more like some form of intermediate scrutiny, which has no
analogue in this field." 214 F.3d at 392. Plaintiff asks the
Court to confront the possibility that the rule against
considering evidence outside the record is likewise not a matter
of black or white, but should be tempered to serve the level of
scrutiny the Court deems appropriate in the particular case.
The Court is, however, convinced that the record should not be
expanded when employing heightened arbitrary and capricious
review under Pinto. De novo review of ERISA benefits
determinations serves a different set of interests than even the
most intrusive scrutiny under Pinto. The "sliding scale" does
not slide all the way to Luby-style, de novo review. Even at
the far end of the range, heightened arbitrary and capricious
review is different in kind. Therefore, despite the more
penetrating review the determination may receive, expanding the
record by analogy to Luby would be wrong.
In an ERISA benefits case, if de novo review applies, a
priori the plan administrator enjoyed no discretion and made
benefits decisions on pain of error. An erroneous denial
constitutes a direct breach of the benefits provisions of the
plan, and review in this Court under ERISA goes straight to the
question of entitlement. See Bruch, 489 U.S. at 112-13, 109
S.Ct. 948. In contrast, where the plan grants discretion to the
administrator, the beneficiary is entitled only to insist that
the administrator's authority be exercised within the bounds of
the discretion granted. Because the focus is on the
administrator's performance, see 2 Steven A. Childress,
Federal Standards of Review § 15.08 at 15-45 (3d ed., 1999),
review is necessarily confined to the evidence before the
It follows that, where the plan beneficiary's rights are to a
benefits determination untainted by a conflict of interest, then
a review of the same evidentiary record by an unbiased
decision-maker should restore the beneficiary to the status quo
ante. As one court in this Circuit has reasoned, if the
beneficiary had a fair opportunity to put evidence before the
plan administrator, limiting the record on judicial review should
result in no prejudice. O'Sullivan v. Metropolitan Life Ins.
Co., 114 F. Supp.2d 303, 309-10 (D.N.J. 2000). As in conventional
arbitrary and capricious review, the proper focus is on the
performance of the administrator and the record should therefore
be limited to that which was before the administrator when it
made the decision.
Those district courts addressing the issue have reached the
same conclusion, and held that they should not expand the record
"on the historic facts that informed the administrator's
decision" even though a conflict of interest may mandate a more
intrusive review under Pinto. Friess v. Reliance Standard Ins.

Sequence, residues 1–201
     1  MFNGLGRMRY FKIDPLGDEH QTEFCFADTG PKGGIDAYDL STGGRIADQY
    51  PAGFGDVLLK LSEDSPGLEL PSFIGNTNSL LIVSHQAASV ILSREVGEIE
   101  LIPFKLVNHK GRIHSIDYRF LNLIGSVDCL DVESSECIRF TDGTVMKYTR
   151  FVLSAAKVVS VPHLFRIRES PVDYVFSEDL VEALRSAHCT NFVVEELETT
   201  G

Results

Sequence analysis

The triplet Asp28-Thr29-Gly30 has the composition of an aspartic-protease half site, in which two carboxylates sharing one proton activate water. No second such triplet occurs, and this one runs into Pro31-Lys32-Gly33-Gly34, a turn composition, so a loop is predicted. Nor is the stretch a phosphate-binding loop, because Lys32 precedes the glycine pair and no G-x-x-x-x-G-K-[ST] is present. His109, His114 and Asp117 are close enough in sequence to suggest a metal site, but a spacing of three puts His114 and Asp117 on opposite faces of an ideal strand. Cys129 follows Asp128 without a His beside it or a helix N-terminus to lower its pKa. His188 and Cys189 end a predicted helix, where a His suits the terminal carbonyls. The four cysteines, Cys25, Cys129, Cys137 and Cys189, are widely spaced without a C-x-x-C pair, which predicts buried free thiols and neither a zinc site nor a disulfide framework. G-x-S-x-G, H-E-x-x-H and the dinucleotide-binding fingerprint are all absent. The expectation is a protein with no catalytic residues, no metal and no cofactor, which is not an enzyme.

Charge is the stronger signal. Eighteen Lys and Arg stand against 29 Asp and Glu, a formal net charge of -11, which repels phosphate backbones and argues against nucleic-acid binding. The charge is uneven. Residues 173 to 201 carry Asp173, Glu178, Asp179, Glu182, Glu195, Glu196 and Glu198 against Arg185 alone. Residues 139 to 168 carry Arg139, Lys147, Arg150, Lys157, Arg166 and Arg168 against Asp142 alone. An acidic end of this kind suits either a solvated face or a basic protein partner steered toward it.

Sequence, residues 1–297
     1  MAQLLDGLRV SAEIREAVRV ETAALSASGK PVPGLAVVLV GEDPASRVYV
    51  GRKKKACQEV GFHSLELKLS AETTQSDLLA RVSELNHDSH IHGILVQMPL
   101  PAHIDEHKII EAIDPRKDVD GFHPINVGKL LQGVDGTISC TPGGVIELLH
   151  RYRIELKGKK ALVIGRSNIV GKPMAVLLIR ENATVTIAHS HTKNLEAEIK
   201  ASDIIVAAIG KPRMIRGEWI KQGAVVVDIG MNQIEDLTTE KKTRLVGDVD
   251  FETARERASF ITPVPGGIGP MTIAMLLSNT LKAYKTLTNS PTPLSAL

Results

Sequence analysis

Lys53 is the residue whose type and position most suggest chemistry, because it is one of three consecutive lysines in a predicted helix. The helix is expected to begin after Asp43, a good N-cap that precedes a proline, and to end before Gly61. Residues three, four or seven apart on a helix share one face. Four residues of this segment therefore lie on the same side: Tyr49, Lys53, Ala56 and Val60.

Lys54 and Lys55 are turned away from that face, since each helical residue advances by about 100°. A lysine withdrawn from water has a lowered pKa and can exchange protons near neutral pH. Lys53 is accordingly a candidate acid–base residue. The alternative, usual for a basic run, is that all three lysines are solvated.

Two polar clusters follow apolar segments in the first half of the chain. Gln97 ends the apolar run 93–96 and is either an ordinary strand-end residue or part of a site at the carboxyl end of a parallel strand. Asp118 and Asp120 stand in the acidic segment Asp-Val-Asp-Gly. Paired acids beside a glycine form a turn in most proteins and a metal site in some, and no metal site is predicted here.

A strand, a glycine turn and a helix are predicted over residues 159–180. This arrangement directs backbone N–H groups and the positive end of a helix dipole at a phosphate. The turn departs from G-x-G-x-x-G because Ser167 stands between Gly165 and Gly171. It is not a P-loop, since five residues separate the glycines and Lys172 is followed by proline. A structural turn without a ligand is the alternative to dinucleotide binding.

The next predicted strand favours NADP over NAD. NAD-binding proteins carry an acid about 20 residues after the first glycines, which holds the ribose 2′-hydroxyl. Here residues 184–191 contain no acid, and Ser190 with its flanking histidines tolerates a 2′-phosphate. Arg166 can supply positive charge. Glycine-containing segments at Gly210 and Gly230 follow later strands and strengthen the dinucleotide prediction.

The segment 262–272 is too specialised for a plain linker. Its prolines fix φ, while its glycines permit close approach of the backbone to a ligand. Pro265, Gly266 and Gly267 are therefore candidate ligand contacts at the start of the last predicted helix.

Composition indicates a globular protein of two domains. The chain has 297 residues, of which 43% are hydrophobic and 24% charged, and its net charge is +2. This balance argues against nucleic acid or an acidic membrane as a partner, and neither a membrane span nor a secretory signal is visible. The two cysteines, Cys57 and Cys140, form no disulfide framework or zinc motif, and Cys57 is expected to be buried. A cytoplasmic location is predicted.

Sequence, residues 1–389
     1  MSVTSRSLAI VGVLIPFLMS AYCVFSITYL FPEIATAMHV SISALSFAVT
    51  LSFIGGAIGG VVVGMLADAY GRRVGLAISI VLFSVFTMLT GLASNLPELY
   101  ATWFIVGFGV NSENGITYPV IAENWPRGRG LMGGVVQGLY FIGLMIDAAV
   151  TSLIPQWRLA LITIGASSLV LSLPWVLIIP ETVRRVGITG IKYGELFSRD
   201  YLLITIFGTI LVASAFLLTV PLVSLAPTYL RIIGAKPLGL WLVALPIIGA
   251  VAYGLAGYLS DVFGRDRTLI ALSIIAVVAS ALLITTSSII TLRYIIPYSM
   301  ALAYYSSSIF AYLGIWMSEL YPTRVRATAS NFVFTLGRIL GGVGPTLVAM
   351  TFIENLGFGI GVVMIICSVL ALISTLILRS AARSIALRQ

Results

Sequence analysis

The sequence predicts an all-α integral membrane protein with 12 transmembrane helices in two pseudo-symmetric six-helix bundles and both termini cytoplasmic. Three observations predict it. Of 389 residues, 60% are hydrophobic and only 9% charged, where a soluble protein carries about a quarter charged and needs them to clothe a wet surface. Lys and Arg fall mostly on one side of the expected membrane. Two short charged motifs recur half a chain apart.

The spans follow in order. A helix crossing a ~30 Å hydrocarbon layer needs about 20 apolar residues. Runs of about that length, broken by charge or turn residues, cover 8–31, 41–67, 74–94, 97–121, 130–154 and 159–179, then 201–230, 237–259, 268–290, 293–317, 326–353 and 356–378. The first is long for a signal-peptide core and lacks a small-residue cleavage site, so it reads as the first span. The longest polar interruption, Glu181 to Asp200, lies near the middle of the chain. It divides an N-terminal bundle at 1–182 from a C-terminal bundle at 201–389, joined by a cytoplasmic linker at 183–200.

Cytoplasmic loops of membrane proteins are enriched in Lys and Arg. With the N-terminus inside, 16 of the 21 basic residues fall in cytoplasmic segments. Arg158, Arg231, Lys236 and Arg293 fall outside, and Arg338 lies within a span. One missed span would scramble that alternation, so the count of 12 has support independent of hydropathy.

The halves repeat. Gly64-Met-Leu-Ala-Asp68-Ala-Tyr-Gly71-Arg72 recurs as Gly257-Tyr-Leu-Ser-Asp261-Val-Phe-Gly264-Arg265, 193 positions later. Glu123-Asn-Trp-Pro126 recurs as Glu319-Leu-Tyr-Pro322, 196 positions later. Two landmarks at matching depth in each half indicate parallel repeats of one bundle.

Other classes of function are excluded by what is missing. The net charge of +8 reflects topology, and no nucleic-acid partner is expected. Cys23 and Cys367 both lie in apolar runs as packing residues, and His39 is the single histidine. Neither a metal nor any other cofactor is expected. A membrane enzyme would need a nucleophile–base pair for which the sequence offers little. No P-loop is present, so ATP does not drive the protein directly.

Co., 122 F. Supp.2d 566, 573 (E.D.Pa. 2000); O'Sullivan v.
Metropolitan Life Ins. Co., 114 F. Supp.2d 303, 309-10 (D.N.J.
2000); Ernest v. Plan Administrator of the Insured Benefits
Plan, 124 F. Supp.2d 884 (M.D.Pa. 2000). Although Pinto itself
is silent on whether the district court may consider new evidence
on the underlying merits when applying heightened arbitrary and
capricious review, O'Sullivan, 114 F. Supp.2d at 309 n. 6, the
opinion of the Court of Appeals in Pinto may be read to suggest
that the record should not be expanded.
In a footnote, the Court of Appeals stated:
Our focus on process should not be read to require
an additional duty to conduct a good faith reasonable
investigation. That is, we are not holding that [the
administrator] had a duty to gather more information,
merely that the decision might have been arbitrary
and capricious given the information available.
214 F.3d at 394 n. 8 (emphasis added). Plainly heightened
arbitrary and capricious review is still a review of the decision
below. It is not a do-over of the administrative proceeding and
different from the de novo review contemplated by Luby.
Pinto's footnote eight poses another problem, however. If the
administrator has no duty to investigate, it follows that the
administrator has no duty to create a record upon which to rule
and that the burden to do so and must fall solely on the
beneficiary. This suggests that where the record before the
administrator is insufficient to decide one way or the other
regarding an entitlement to benefits, denial cannot have been
arbitrary and capricious regardless of the grounds stated by the
administrator. Of course, where there is sufficient evidence to
permit a reasonable determination of the entitlement to benefits,
there is no need to expand the record. Pinto's footnote eight
suggests that even where the administrative record was inadequate
to make a ruling, the Court still should not go beyond the
evidence before the administrator.
The Court is not sanguine that such an absolutist approach
correctly reflects either the Third Circuit's view or the
underlying purposes of the ERISA statute. This Court is well
aware of the oft-repeated concern to focus the disposition of
benefits disputes in the administrative process established by
the plan, and to avoid judicial second-guessing to the extent
possible. One hopes, of course, that the self-dealing
administrator and the application of Pinto will be the
exception. If so, the concerns of judicial efficiency and/or
entanglement with the ERISA process will be less urgent. More to
the point, if one assumes a biased and self-interested benefits
administrator and an empty record on an important element of the
claim, refusing to consider additional evidence that may shed
light on the merits of the claim raises real questions of
fairness and of whether ERISA's statutory purpose is being
The Court has not yet ruled whether the administrative record
in this matter is adequate or not. The Court has raised this
issue to highlight the potential problem, and to suggest a
solution should one be necessary. The Fourth Circuit permits a
remand to the administrator where the record is inadequate to
decide one way or the other whether the benefits determination